Movie titles are rarely translated word-for-word. Translators try to match the title to the movie’s content and the culture of the audience, and sometimes that translation fails in hilarious ways. The film’s title is a lot like the cover of a book–it extends the story, adds flavor to the content, and serves as the final stroke of the director’s intentions. Many directors use idioms, jokes, or figurative meanings to capture the spirit of the film in its title, but these phrases are meaningful only for the original audience.
As it turns out, the French are the most inventive in coming up with titles for French viewers. Some of the names are so laugh-out-loud funny they’re getting some special praise here. (Once you take a couple of online French Classes and master the technique of learning new French words quickly, you’ll receive a chance to see some Hollywood films in the French translation. And you know what? You may be sincerely fascinated to find out how they are named in France!)
#1 Mom, I Missed the Plane!
There’s hardly anyone who wouldn’t get this one – Home Alone‘s title was translated into French from a whole other angle. While the Hollywood creators’ intention was to stress the fact that the small and inventive character of Macaulay Culkin stayed at home on his own and had to face the challenge of defending his house from two cunning burglars, the French decided that the main point of the film is that Kevin missed the plane.
#2 The Young People Who Traverse Dimensions While Wearing Sunglasses
This is also weird and ridiculous translation of the cult film The Matrix. The French translators were so eager to render the meaning of the whole film in its title, they ended up creating a bumbling trainwreck..
#3 Happiness Therapy
The 2012 Hollywood film The Silver Linings Handbook got this name for a purpose. As a famous English proverb says, silver linings are always with the company of clouds. The same is true for the main character of this film; a former school teacher pat has a bipolar disorder and desperately tries to restore his normal life after the breakdown and a stint in a psychiatric clinic. Full psychologial recovery is, of course, a long road with lots of ups and downs, but worth the difficult journey. This subtle reference of the proverb, however, is definitely lost in the French title.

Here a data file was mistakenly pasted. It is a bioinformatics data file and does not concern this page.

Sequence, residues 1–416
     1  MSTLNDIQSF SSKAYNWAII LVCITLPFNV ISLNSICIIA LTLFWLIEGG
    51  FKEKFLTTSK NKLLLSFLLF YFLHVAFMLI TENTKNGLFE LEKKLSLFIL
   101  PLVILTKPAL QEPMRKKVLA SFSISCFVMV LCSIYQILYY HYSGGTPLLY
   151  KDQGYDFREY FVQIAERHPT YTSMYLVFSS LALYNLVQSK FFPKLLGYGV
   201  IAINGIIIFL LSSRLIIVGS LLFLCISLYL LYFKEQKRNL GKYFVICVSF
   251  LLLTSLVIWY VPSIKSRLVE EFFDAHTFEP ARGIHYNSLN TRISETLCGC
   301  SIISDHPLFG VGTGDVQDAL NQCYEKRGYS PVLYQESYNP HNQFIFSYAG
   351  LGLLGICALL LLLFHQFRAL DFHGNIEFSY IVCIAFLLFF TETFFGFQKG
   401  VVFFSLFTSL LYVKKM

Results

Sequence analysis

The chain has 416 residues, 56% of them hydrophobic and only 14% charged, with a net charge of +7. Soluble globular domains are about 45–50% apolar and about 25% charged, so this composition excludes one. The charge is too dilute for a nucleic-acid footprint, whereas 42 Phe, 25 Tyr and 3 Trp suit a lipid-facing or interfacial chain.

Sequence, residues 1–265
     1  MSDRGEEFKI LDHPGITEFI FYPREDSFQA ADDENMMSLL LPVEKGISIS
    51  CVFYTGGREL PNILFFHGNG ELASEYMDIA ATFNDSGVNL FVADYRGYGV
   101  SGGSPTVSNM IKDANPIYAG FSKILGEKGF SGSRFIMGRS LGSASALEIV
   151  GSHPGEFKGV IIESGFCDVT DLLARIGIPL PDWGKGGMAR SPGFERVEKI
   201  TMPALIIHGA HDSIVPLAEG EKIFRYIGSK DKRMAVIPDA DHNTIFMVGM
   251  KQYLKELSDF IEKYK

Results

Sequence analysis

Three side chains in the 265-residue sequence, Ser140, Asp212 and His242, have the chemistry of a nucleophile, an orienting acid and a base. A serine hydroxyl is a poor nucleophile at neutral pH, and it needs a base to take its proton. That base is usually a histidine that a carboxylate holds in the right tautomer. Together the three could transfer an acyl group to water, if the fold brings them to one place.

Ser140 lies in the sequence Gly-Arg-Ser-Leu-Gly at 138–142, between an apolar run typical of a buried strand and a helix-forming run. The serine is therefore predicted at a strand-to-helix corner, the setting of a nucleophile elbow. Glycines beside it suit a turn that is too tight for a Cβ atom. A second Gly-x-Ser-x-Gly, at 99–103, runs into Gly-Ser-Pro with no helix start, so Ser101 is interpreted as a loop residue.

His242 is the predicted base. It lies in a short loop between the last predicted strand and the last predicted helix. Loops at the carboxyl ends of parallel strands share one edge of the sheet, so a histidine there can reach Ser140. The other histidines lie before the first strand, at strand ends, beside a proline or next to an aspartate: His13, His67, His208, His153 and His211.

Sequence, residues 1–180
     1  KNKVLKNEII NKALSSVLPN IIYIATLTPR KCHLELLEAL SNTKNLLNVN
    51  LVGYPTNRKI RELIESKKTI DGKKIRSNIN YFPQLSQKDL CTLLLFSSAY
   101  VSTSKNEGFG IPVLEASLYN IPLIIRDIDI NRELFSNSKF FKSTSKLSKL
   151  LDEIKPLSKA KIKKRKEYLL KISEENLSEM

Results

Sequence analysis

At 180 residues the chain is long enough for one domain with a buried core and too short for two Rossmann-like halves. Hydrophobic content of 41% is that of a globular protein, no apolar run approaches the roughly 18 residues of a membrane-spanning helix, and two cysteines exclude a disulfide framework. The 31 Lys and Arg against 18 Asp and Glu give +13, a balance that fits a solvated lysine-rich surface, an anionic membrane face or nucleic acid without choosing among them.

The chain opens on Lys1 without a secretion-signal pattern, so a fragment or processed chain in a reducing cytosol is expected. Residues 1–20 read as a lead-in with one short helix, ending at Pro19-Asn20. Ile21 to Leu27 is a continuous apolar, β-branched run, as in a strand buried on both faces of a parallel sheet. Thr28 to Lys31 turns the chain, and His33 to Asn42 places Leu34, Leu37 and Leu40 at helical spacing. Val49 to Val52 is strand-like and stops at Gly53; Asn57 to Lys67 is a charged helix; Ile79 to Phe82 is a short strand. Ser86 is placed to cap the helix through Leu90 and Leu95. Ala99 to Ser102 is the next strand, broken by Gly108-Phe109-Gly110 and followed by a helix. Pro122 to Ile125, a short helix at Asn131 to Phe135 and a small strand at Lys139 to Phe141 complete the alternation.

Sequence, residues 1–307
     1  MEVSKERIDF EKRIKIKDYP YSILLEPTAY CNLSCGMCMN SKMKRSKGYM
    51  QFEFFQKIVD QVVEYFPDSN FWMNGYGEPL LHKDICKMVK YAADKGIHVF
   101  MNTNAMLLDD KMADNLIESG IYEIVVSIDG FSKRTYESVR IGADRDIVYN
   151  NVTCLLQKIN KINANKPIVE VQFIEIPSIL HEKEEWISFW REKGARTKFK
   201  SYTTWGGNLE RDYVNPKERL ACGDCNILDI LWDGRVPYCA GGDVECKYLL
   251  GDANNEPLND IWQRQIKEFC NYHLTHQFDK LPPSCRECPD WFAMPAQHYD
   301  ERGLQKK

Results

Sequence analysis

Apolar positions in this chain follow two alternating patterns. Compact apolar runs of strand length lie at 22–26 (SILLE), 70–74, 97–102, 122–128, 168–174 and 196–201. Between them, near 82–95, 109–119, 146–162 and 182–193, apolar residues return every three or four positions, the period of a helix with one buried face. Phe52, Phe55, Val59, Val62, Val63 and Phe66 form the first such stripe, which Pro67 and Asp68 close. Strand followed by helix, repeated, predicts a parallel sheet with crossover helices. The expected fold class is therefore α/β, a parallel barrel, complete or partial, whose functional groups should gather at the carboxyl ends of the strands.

#4 American Bluff
Some American titles contain slang unique to the USA, which makes the challenge of translating the film’s title very hard. This may be said about the 2013 film American Hustle, with the word “hustle” having no appropriate translations in other languages. This title was translated by the French as American Bluff, while the Spanish were even more out-there when they called it The Great American Dwindle. However, the indisputable leader in this film’s translation hit parade is China with the title United States Cheat Bureau.
#5 Very Bad Trip
Another curious situation happened with the translation of the Hangover film title. While in fact, the intention of the producer was to underline the unfortunate morning-after feeling of the guys after a big night out, the French title Very Bad Trip falls short of a home run translation.
The translation of one of the films from the Twilight saga, Eclipse, is also quite strange, and God only knows what the translators thought about when they titled the film Hesitation. Rather than focus on Bella being the head of a vengeful army, the French chose to emphasize Bella’s hesitation regarding whom to choose to stay with – Edward Cullen or Jacob Black.
So it’s clear the cultural abyss between France and America is alive and strong! Despite our world’s greatest attempts at globalization, there are some things out there that are most definitely lost in translation.
Creative Commons photo credit: Pxhere